Smartphones Detect Earthquakes: Devices Could Be Used To Create Seismic Networks, Researchers Say

By Josh Lieberman on September 30, 2013 11:41 AM EDT

iphone
Accelerometers found in iPhones and other devices could potentially be used to create urban seismic networks, researchers say. (Photo: Reuters)

A motion-sensing chip built into many cell phones, laptops and video game consoles could be used as real-time earthquake sensors, new research from the National Institute of Geophysics and Volcanology in Italy suggests. The chip, known as a Micro-Electro-Mechanical System accelerometer, or MEMS, is a tiny gyroscope that tells your iPhone to change its screen orientation when you rotate your phone. MEMS can also tell your iPhone that you're in the midst of an earthquake, the researchers say.

Like Us on Facebook

"Theoretically, any device connected to the Internet with an internal MEMS accelerometer, such as a computer or mobile phone, can become a strong-motion seismic station, and that could be easily used to enormously increase the number of observation points when an earthquake occurs," said Antonino D'Alessandro, co-author of the study published in Bulletin of the Seismological Society of America.

In the study, D'Alessandro and his team used the LIS331DLH chip, a MEMS accelerometer used in the iPhone 4 and iPhone 5, among other devices. The MEMS was attached to a seismic testing device and placed on a vibrating table. The MEMS results were then compared to those taken from an EpiSensor FBA EST seismometer. The team found that the MEMS accelerometer reliably detected motion from an earthquake with a magnitude of 5 or higher.

The benefit of having thousands of data points during an earthquake could be enormous, the researchers say.

"The number of victims following a strong earthquake depends mainly on the intensity of shaking, and the speed of rescue operations," said D'Alessandro. "A real-time urban seismic network can drastically reduce casualties in urban areas immediately following a strong earthquake, by quickly distributing information about the distribution and intensity of ground shaking." 

The researchers don't mention how such a system would actually be implemented -- volunteers? telecom requirement? -- only that it's possible to use smartphones in this way.

This isn't the first time that smartphones have been tested for their seismographic capabilities. Last year, seismologists from the University of California, Berkeley, published an article [PDF] in which they tested Android and iPhone MEMS accelerometers during simulated earthquake shaking. They found that both phone systems were able to determine the difference between shaking from activities like running and walking, as opposed to shaking from the earthquake simulation, 97 percent of the time.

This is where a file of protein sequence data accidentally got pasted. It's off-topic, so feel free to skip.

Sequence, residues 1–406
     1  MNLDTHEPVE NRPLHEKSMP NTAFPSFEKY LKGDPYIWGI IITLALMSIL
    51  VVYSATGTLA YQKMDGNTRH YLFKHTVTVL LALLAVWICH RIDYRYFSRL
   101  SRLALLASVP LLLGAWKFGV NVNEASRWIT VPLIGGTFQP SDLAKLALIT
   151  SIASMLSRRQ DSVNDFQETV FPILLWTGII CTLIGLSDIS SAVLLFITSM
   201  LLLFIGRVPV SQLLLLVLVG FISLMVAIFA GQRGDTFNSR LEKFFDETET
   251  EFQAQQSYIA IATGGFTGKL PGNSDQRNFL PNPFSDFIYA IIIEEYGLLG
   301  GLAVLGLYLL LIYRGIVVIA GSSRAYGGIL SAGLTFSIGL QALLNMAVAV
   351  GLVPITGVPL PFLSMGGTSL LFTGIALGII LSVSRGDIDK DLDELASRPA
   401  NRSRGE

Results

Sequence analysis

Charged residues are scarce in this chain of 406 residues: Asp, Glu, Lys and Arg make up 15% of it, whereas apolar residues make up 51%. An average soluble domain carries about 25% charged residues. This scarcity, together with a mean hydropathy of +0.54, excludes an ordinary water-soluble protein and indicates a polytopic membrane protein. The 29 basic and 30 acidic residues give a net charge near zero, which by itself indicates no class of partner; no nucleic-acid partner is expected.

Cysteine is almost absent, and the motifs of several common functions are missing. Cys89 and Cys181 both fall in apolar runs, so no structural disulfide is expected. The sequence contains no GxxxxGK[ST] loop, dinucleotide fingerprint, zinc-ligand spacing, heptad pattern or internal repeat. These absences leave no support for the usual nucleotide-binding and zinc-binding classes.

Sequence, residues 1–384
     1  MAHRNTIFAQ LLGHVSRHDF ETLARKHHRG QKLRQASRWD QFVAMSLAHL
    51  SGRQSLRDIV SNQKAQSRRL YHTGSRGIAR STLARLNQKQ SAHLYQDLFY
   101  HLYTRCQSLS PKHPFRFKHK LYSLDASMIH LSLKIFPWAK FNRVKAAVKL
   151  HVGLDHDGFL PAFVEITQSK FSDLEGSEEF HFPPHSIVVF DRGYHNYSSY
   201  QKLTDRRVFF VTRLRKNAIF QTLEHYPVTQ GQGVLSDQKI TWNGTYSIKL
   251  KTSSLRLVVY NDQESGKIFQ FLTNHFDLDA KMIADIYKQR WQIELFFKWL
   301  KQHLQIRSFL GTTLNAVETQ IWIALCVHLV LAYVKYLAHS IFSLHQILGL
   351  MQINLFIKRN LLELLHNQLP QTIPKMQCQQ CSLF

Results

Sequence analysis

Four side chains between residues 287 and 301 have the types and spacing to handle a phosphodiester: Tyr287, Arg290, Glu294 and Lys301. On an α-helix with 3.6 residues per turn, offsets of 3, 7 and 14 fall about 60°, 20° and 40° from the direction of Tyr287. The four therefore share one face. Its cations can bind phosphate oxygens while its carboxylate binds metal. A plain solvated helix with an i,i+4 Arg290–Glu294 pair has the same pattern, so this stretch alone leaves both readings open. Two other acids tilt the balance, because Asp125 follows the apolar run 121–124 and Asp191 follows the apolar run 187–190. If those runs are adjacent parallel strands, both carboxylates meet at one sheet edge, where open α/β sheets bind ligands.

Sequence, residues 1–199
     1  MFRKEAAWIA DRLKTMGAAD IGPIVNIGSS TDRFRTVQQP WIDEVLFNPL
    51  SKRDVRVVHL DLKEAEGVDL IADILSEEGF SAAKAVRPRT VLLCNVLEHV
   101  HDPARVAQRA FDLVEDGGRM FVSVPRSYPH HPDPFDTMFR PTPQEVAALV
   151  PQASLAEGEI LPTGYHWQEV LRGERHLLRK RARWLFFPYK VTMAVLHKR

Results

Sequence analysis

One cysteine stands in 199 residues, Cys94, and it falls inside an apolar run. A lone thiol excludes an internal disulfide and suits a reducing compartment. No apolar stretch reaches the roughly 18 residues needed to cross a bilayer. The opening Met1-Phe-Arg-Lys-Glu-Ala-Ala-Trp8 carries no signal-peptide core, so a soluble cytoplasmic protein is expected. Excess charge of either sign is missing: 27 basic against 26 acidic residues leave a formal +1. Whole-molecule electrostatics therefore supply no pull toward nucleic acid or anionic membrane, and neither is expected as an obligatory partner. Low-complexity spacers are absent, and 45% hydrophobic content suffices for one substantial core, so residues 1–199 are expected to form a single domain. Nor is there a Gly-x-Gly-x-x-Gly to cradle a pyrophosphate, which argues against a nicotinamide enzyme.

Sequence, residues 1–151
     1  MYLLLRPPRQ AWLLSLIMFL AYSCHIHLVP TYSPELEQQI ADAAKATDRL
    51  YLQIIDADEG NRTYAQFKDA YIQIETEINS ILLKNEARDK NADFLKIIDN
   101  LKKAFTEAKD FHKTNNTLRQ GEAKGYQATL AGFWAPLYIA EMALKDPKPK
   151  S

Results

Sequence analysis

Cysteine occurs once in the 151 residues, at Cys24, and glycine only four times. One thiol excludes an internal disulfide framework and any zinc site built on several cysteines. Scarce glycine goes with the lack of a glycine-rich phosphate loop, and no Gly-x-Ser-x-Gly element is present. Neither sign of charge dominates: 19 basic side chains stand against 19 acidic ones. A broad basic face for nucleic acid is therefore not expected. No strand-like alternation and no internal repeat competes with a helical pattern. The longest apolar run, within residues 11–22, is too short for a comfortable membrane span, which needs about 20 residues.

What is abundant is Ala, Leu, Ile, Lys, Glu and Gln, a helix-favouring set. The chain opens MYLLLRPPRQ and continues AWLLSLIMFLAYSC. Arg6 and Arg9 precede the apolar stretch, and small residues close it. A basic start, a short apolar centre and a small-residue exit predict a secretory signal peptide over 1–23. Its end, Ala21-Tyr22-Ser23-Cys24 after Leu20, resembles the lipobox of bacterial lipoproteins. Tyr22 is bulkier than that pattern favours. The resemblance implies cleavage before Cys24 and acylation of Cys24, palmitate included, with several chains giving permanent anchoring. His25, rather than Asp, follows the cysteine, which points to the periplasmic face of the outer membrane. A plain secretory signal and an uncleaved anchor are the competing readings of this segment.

READ MORE:

NASA's FINDER Device Detects Heartbeats Buried Under Rubble In Search-And-Rescue Operations

Real-Life Lightsaber: Harvard And MIT Scientists Bind Light Together To Create New Form Of Matter

Twitter Study Reveals Global News Readership Patterns: Which Countries Tweet Most About Sports, Politics, World News?

© 2012 iScience Times All rights reserved. Do not reproduce without permission.

Join the Conversation

Sponsored From Around the Web

    ZergNet
Follow iScience Times
us on facebook RSS
 
us on google
 
Most Popular
INSIDE iScience Times
Do Dolphins Get High? BBC Cameras Catch Dolphins Chewing On Pufferfish Toxins
Do Dolphins Get High? BBC Cameras Catch Dolphins Chewing On Pufferfish Toxins
How Many Ways Can You Tie A Tie?
How Many Ways Can You Tie A Tie?
Ribbon Of Charged Particles At Solar System's Edge Acts Like A Wind Sock For Interstellar Magnetism
Ribbon Of Charged Particles At Solar System's Edge Acts Like A Wind Sock For Interstellar Magnetism
How to Turn Your Tap Water Faucet  Into a Coffee Spout [VIDEO]
How to Turn Your Tap Water Faucet Into a Coffee Spout [VIDEO]
Coolest Science Photos Of 2013: From Blobfish To Two-Headed Shark, Comet ISON To Mars Selfie
Coolest Science Photos Of 2013: From Blobfish To Two-Headed Shark, Comet ISON To Mars Selfie
This Is A Scientifically-Proven Rock-Paper-Scissors Winning Strategy (But If Your Opponent Uses It Too, It's A Draw)
This Is A Scientifically-Proven Rock-Paper-Scissors Winning Strategy (But If Your Opponent Uses It Too, It's A Draw)